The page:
Speaking on the occasion, Education Minister, Shiferaw Shigute the government has stepped up its budget for education to 25.4 billion Birr with a view to satisfy the nation’s growing demand for trained workforce. The Minister highlighted the key role of partners and the public to address drawbacks in the sector as well as ensure both access and quality.

The forum reached agreement to work harder to augment student intake capacity, cut the rate of school dropouts and repetitions, ensure a 1:1 student-book ratio, furnish school libraries and laboratories, and build information technology capacity. At the end of the consultation, participants expressed readiness to play their part.

Source: article.wn

Rural Ethiopians Spread Good Health Habits Over Coffee

The front porch is the setting for coffee ceremonies where women of Dosha discuss new health practices for the neighborhood (VOA/Joana Mantey)

Thousands of women in Ethiopia have joined a Health Development Army to turn the time-honored cultural practice of drinking coffee together into an opportunity to spread the word about better health practices in their rural communities. The army is made up of small groups of volunteers who gather in traditional coffee ceremonies to encourage behavior change among women and their neighborhoods.

Women in villages throughout Oromia, the largest and most heavily populated of Ethiopia’s rural provinces, gather and talk over several rounds of coffee served in tiny ceramic cups. The beverage is brewed with locally-grown and unprocessed coffee beans roasted and ground by a local woman dressed in traditional Ethiopian attire. The finished product is brewed over a small lemon grass fire and served to invited guests. They take their coffee with sugar, but no milk.

Gossip gives way to talk about hygeine

This long-standing social tradition and source of daily gossip – in a country that claims to be the birthplace of coffee – has become the educational platform used by the local health volunteers of the Health Development Army. They are trained by the government’s vast network of health extension workers to bring behavior change at the community level and whip up support for government health programs.

Datu Badadha, leader of a women’s group that meets for coffee in the village of Dosha, said these educational gatherings allow married women to get together with young women or men in the community for discussions.

The leader of the Health Development Army volunteers in the village of Dosha is Datu Badadha. (VOA/Joana Mantey)Pathfinder International, an international non-profit, provides technical, financial and managerial support to the Ethiopian government’s health programs.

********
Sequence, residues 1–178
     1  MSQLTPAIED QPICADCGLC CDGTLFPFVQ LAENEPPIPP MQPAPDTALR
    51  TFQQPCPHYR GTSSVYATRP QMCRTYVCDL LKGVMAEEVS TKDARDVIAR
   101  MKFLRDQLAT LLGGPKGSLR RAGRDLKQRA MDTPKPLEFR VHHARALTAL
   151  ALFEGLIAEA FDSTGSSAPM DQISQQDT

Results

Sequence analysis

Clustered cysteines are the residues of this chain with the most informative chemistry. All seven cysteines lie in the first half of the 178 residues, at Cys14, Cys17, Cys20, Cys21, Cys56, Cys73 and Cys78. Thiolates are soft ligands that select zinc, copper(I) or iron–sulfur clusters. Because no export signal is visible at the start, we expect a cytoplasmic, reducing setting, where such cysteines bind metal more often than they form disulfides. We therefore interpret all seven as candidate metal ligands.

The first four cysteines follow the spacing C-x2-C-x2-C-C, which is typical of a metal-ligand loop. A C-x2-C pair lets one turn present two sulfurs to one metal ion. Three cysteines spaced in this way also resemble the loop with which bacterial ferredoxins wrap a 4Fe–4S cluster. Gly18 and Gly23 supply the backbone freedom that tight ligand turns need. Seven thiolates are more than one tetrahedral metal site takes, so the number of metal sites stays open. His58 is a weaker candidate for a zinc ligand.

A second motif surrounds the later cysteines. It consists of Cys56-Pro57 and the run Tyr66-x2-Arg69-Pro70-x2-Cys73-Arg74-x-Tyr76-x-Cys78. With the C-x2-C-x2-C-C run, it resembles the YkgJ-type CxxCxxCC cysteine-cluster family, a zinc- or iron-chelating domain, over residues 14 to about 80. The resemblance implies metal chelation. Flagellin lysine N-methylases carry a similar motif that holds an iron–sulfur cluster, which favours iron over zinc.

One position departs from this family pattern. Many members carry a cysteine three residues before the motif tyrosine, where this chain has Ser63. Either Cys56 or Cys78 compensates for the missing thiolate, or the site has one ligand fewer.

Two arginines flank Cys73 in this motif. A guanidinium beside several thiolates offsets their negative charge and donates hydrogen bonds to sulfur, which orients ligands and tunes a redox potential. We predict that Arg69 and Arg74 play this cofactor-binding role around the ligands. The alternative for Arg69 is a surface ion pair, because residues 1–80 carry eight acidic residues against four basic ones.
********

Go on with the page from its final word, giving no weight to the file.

“The Women Development Army are women that have implemented the health extension program of government very well so that others in their communities can see what they are benefitting out of this health extension program so that they can adapt or adopt what this Women Development Army are doing,” said Tariku Nigatu, who works with Pathfinder International in Ethiopia.

Latrines, vaccines and maternity

“In some households, people would not be using latrines and this Women Development Army member would encourage households to dig latrines and use it,” Nigatu continued. “They encourage women to take their children to vaccination. When there are pregnant women they also refer them to seek maternity care from health extension workers and from health centers.”

Tariku added that members of the army are able to interact freely with people in the community because they have a defined physical structure – a mud house with a living room, bedroom and store with separate accommodations for the kitchen, latrine and livestock. A house that fulfills the new requirements is called a model household and its inhabitants can supervise the implementation of health programs in five other homes.

Mesfin Nigussie of the U.S. Agency for International Development’s Integrated Family Health Program said, “To be a model household they need to have a latrine, they have to use family planning and their children under one year should be fully immunized. They should have a separate house for living, cooking as well as for cattle. They should also have clean surroundings and eat balanced diets.”

Homes that meet these requirements are awarded certificates. Mesfin said 64 percent of of those in the Oromia region now live in model households, a marked departure from the single huts which used to serve both as sleeping quarters and kitchens.

He said the work of the Health Development Army is also helping to sustain behavior change in communities. Mesfin said the role played by members of the army in social mobilization is as well helping health extension workers to concentrate on clinical duties at the health posts.

Source: Voice of America